Wednesday, 17 June 2009

KRouge jail chief tells of experiments, blood draining

Former Khmer Rouge prison chief known as Duch in Phnom Penh

PHNOM PENH (AFP) — The former Khmer Rouge prison chief told Cambodia's UN-backed war crimes court Monday that some inmates had blood completely drained from their bodies or were used for medical experiments.

Kaing Guek Eav, better known by his nom de guerre Duch, was answering judges' questions about conditions at Tuol Sleng prison, where he supervised the torture and extermination of up to 15,000 people.

"First, live prisoners were used for surgical study and training, second blood drawing was also done," Duch told the court.

The testimony represented a new admission of guilt for Duch, who previously stated he knew nothing of prisoners being drained of blood.

In the morning of one of the most dramatic days so far in his crimes against humanity trial, Duch at one point became visibly distraught while talking about which prisoners were tortured and judges gave him some time to compose himself.

Duch also also told the court that Khmer Rouge leader Pol Pot knew prisoners' confessions, usually extracted through torture, were false.

"Pol Pot, at one point, did not even believe the confessions were of true information," Duch said.

Duch added he also did not believe most confessions and told the court how he was summoned by his superior, defence minister Son Sen, and asked why his staff had not found any information about the CIA's agenda.

"It was required for us to seek out CIA agents... As a result, there were many CIA agents in the confessions," Duch said.

"All the prisoners, from what I could conclude... who claimed they were CIA agents, no they were not," he said, adding that he ran into further problems with his superiors when one man confessed to being a Soviet agent.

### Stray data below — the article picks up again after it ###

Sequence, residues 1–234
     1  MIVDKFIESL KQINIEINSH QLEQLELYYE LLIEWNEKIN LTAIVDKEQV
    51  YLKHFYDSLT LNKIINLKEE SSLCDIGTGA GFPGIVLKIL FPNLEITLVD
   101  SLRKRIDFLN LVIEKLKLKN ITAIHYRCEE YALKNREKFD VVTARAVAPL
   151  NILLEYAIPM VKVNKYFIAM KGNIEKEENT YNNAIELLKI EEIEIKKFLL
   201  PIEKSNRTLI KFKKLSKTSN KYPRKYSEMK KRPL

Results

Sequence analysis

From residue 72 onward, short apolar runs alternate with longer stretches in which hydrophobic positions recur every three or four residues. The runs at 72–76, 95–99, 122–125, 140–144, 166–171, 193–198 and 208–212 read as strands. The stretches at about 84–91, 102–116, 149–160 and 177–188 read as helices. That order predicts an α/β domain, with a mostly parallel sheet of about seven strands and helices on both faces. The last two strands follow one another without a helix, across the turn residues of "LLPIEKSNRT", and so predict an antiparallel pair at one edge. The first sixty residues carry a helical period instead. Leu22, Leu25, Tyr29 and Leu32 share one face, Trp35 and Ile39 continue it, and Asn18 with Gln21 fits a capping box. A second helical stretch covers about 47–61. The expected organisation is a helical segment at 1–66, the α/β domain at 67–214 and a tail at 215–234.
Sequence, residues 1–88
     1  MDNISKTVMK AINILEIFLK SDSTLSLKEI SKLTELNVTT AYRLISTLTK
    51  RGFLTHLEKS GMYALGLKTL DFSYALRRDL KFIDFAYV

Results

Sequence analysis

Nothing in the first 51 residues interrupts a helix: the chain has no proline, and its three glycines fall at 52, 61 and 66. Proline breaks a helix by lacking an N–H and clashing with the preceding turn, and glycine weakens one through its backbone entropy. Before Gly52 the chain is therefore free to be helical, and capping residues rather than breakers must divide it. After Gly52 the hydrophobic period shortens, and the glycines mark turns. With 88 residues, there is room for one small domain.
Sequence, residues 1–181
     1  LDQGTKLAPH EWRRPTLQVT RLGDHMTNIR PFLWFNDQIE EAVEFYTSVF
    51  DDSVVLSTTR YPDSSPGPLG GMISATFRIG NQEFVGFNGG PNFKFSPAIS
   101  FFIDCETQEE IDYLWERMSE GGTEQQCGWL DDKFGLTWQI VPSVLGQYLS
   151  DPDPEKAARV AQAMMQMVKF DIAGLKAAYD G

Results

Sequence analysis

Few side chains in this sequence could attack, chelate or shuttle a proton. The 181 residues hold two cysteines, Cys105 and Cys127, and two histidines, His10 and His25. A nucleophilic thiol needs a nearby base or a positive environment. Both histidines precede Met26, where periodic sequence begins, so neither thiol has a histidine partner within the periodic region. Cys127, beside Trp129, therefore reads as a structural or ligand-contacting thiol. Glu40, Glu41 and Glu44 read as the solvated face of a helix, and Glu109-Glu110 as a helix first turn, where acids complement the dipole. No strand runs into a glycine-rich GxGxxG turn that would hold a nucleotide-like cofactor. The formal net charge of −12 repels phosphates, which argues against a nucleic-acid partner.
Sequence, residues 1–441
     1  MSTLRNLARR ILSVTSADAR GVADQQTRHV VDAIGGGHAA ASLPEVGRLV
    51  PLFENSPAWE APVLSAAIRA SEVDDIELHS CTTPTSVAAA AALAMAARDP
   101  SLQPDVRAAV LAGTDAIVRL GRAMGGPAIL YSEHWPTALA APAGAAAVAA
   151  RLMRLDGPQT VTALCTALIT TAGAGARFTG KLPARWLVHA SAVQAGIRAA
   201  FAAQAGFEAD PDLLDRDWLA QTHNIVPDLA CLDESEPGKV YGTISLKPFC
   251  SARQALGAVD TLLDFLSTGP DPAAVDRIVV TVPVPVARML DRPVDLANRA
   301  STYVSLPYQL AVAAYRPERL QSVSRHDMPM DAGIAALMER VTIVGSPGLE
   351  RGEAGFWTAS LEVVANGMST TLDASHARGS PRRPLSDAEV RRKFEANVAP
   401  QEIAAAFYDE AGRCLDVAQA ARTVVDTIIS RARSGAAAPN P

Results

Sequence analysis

Thereafter, he said, his staff also obtained confessions from many prisoners saying they were working for the KGB, the Soviet Union's spy agency.

However, Duch also sought to demonstrate he showed compassion for some of the doomed inmates at Tuol Sleng.

He told the court he had not approved torture through electrocution of genitals and became "very angry" when he learned a male interrogator had sexual abused a female inmate.

He also said he disobeyed an order by "Brother Number Two" Nuon Chea to poison several inmates, filling capsules with headache medicine instead.

"If they died then they would have died under my own act, giving them the poison. That's why I tried not to be involved in the killing of those people directly," Duch said.

Earlier in his trial for war crimes and crimes against humanity, Duch accepted responsibility for his role in the 1975 to 1979 communist regime and begged forgiveness from its victims.

He has, however, consistently denied prosecutors' claims that he played a central role in the Khmer Rouge's iron-fisted rule and maintains he tortured only two people himself and never personally executed anyone.

The 66-year-old former maths teacher was arrested by Cambodian authorities in 1999 and judges on Monday ruled he was "entitled to a remedy" because it was "unlawful" he had spent so long in detention before the case came to court.

The ruling appeared to be a small victory for Duch, whose lawyers in April argued he had been held illegally and urged the judges to compensate by subtracting time from his final sentence and softening their eventual verdict.

Pol Pot died in 1998, and many believe the tribunal is the last chance to find justice for victims of the regime, which killed up to two million people.

The court was formed in 2006 after nearly a decade of wrangling between the United Nations and the Cambodian government, and is expected next year to begin the trial of four other senior Khmer Rouge leaders also in detention.

No comments: